When Tough Guys Ruled the Cinema- Episode 16:8 Million Ways to Die
“8 Million Ways to Die” was gritty, sleazy, in-your-face film noir that capped of the career of one of the most prolific directors of the ‘70s, Hal Ashby. Ashby’s films often left a distinctive mark on the subconscious, and tackled unique variations on the human condition. These movies often tackled the concept of a love story that was bordered around unusual circumstances (“Harold and Maude” and “Coming Home”), or just the trials of being human while trying to make a difference (“Bound for Glory” and “Shampoo”). “8 Million Ways to Die” has received negative press because it was not on par with those types of movies that made Ashby’s career, but this is an underrated classic that deserves to be seen.
Sadly, it can only be seen on VHS.
The screenplay was based on the Lawrence Block novel of the same name, and was reworked by Oliver Stone shortly before his directing career took off. He creates a well-written, hardboiled and deceptively intriguing mystery. The elements are all removed from classic film noir: The down and out former cop, the prostitute, the former boxing star and an excellent villain.
The premise focuses on Matt Scudder (Jeff Bridges), an alcoholic cop that makes a fatal mistake, which is made clear within the first 10 minutes of the picture. However, sobriety for Scudder only leads him into a darker world of perplexing mystery.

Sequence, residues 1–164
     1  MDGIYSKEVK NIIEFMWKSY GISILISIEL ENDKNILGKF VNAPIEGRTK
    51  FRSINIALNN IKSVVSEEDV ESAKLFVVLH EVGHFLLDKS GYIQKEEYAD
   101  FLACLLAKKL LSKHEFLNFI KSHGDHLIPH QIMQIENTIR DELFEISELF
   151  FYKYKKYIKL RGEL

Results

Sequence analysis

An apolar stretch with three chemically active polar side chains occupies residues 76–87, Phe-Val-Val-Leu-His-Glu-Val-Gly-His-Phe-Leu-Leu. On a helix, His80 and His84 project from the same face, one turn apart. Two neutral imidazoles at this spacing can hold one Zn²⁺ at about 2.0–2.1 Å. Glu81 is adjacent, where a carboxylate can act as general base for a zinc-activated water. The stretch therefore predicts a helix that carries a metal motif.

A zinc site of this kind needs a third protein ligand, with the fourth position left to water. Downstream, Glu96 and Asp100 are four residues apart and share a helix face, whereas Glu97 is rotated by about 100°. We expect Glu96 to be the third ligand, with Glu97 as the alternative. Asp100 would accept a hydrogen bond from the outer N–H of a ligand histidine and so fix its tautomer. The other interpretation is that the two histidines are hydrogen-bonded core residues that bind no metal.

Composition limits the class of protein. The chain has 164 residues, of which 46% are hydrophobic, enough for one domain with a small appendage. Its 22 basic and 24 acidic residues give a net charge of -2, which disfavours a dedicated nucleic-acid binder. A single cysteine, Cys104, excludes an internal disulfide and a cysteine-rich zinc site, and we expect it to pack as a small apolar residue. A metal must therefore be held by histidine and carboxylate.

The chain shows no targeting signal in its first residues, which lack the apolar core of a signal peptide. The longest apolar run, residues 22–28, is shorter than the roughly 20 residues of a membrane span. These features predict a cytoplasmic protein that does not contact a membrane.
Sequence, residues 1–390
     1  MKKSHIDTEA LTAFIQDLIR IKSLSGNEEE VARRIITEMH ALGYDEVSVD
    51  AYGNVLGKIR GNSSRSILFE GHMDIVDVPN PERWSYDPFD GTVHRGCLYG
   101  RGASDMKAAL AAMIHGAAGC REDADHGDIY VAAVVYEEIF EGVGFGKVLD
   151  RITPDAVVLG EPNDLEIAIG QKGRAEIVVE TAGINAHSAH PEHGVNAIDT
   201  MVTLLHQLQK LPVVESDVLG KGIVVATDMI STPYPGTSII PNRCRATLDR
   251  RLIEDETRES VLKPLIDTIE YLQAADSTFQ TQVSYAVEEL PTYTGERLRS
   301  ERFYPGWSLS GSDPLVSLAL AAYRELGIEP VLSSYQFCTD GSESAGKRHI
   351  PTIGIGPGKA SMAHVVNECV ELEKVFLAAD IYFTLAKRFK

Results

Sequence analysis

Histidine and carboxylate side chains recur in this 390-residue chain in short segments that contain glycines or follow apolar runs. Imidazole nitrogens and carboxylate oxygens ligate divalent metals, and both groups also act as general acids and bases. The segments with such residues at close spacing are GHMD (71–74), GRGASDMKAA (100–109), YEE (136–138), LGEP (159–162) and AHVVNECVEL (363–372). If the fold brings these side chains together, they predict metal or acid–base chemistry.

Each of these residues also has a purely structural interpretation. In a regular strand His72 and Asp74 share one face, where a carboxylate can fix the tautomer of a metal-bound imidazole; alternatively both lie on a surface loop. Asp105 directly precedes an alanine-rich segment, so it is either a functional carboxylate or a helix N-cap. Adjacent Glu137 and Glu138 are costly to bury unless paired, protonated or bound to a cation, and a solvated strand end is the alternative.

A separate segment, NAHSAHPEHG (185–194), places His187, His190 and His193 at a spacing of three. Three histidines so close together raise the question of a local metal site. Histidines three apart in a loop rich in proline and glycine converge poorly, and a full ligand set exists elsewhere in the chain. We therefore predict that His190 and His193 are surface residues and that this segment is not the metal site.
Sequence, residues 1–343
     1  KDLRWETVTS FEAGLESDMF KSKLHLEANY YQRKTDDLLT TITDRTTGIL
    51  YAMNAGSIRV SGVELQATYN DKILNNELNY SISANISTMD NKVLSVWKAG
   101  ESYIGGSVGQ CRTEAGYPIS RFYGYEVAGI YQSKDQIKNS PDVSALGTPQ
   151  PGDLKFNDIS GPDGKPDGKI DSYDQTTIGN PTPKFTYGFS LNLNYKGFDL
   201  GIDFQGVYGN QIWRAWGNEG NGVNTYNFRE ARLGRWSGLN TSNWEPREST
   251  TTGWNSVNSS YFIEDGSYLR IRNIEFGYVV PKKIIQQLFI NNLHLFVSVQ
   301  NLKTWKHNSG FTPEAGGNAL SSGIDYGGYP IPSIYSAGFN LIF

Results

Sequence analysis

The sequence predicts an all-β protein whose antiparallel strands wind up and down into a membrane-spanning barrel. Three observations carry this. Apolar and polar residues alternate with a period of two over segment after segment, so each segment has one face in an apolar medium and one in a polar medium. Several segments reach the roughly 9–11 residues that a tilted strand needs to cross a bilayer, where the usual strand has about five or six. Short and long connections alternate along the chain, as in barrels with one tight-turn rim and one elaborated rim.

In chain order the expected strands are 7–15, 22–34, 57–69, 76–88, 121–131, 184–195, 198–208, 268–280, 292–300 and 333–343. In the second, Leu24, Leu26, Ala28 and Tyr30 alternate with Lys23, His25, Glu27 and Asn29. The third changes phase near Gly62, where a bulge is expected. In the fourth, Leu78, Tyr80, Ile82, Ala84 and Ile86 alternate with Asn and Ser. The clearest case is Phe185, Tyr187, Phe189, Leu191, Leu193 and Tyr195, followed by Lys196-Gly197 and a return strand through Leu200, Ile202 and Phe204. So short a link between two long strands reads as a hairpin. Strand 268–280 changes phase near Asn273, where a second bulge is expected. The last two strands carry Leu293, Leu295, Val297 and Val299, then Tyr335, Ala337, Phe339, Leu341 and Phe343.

Bridges is one of the few actors that can portray a tough guy or a nerd and become engulfed in the role. Each step of this performance gives him a chance to flex his acting muscles. At the beginning, we watch him hit rock bottom and almost sympathize with the mistake he made in his career. He is the classic film-noir hero with the dark past that captures the audience’s imagination.
But the real scene stealer is Andy Garcia as snow cone-loving drug lord Angel Moldonado, who resembles a toned down “Scarface.” (Stone wrote that too, by the way.) However, one major difference is that Garcia’s performance is more authentic than Pacino’s sloppy, scene-stealing performance.
The leads performances are enhanced by a wonderful supporting cast, which includes the lovely Rosanna Arquette as a friend of a prostitute that turns up dead, and Randy Brooks as Willie “Chance” Walker (a boxer turned pimp). Arquette and Brooks match Bridges’ intensity, and allow the action to crackle on the screen.
The only weak spot in the cast comes from former “Baywatch” hottie Alexandra Paul as the prostitute, whose name is Sunny. Her performance is just not up to the standards of the rest of the cast, and that is why are post-”Baywatch” career has been spent mostly on Lifetime.
The performances may draw you in, but the gritty tone set by the cinematography is what keeps you stuck in this world. Film noir was often filmed in black-and-white, which provides the dark existence needed, and this film creates that vibe using an interesting color scheme – when we need to feel the darkness, or brightness it is palpable on screen.
In a world where death lurks around every corner, “8 Million Ways to Die” is surprisingly upbeat at times. Ashby loved to focus on the human condition, and this film has the simple message that we sometimes lose ourselves and have to fight to come back to what we once were.
This is a great film to remember Ashby for, and his love for the human spirit is present throughout.